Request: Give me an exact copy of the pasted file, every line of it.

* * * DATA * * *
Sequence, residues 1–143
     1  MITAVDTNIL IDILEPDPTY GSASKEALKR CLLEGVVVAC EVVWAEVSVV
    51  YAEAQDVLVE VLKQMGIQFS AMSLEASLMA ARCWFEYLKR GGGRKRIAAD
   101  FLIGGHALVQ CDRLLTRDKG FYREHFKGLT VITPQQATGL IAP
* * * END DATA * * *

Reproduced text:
Sequence, residues 1–143
     1  MITAVDTNIL IDILEPDPTY GSASKEALKR CLLEGVVVAC EVVWAEVSVV
    51  YAEAQDVLVE VLKQMGIQFS AMSLEASLMA ARCWFEYLKR GGGRKRIAAD
   101  FLIGGHALVQ CDRLLTRDKG FYREHFKGLT VITPQQATGL IAP